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Hilda of Whitby
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Hilda of Whitby

Hilda of Whitby is a Christian Saint.

Originally a pagan, Hilda was born to noble parents (her great-uncle was King Edwin of Northumbria) in Northumbria, England in 614. Orphaned at thirteen, she converted to Christianity along with much of her great-uncle's household. She was baptized on Easter, 627.

Following the death of her husband, Hilda's sister Hereswith became a nun at Chelles in Gaul, and Hilda originally intended to follow her example, as there were no monasteries for women in Northumbria at that time. But St. Aidan, Bishop of Lindisfarne, granted her a tract of land on the north banks of the River Wear, and for the following year, she lived a monastic life with a few companions.

She was next installed as abbess of a double monastery at Hartlepool, and subsequently became abbess of the monastery at Streaneshalch, or Whitby.

Under Hilda's guidance, the Whitby monastery produced five bishops (among them St. John, Bishop of Hexham, and St. Wilfrid, Bishop of York) and she appears to have been considered a woman of wisdom, whose counsel was worth seeking out. In 664, a synod was held at Whitby that led to King Oswiu of Northumbria adopting the Roman method of computing the date of Easter, rather than the hitherto used Celtic method. Although Hilda's monasteries had until then used the Celtic method, she accepted the decision.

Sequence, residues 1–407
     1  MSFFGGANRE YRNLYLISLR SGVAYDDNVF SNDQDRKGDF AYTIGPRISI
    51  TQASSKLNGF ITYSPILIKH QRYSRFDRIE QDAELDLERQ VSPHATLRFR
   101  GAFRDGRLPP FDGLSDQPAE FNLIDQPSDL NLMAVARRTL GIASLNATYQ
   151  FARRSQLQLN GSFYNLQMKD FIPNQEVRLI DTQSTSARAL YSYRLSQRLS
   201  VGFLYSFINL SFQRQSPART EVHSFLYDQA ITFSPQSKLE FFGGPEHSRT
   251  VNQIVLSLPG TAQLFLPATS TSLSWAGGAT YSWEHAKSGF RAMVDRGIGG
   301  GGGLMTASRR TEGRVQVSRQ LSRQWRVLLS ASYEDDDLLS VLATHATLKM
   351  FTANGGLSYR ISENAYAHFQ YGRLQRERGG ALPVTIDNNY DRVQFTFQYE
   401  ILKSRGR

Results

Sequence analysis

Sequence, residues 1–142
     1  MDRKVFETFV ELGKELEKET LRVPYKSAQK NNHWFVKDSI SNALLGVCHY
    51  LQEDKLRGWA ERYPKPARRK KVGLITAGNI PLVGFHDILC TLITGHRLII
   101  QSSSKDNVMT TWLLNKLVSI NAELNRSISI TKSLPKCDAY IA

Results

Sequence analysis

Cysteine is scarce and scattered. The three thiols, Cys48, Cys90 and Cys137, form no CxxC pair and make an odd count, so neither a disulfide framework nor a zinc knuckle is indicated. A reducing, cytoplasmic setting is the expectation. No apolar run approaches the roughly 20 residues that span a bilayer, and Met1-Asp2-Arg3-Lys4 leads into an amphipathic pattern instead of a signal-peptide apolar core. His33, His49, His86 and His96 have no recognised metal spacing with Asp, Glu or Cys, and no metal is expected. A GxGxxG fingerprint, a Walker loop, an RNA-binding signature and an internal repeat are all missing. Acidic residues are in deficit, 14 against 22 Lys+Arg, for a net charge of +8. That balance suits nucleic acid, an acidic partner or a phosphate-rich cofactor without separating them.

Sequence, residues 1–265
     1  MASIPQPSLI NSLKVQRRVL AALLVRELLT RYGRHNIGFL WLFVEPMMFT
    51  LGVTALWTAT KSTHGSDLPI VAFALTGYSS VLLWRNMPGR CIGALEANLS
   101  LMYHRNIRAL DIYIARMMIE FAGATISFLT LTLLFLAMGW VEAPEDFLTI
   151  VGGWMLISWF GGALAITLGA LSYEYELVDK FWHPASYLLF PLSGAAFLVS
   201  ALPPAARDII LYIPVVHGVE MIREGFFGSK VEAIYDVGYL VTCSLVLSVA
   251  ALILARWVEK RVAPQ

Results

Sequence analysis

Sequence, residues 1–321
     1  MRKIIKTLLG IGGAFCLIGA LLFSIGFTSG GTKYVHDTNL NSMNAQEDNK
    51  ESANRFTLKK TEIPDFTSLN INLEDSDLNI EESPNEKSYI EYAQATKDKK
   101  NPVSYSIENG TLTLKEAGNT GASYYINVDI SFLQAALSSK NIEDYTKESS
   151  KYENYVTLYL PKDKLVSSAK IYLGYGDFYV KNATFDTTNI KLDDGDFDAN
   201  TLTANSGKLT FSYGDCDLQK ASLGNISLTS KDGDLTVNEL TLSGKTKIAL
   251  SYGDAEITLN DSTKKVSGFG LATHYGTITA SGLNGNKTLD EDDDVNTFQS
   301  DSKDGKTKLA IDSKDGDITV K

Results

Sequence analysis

Hilda is also connected with the story of Caedmon, the religious bard. It is said that after she heard him play, she urged him to take holy orders, which he did.

In about 673, Hilda contracted a fever, which weakened her for the rest of her life, although she continued to rule Whitby. Her death, in 680, is reported to have been peaceful. She died after receiving viaticum, and her legend holds that at the moment of her passing the bells of the monastery of Hackness, some thirteen miles distant, tolled. A nun named Begu also claimed to have witness Hilda's soul being borne to heaven by angels.

Hilda is considered one of the patron saints of learning and culture (including, due to her patronage of Caedmon, of poetry.)

In the Roman Catholic church, St. Hilda's feast day is November 17. In the Church of England, it is November 18.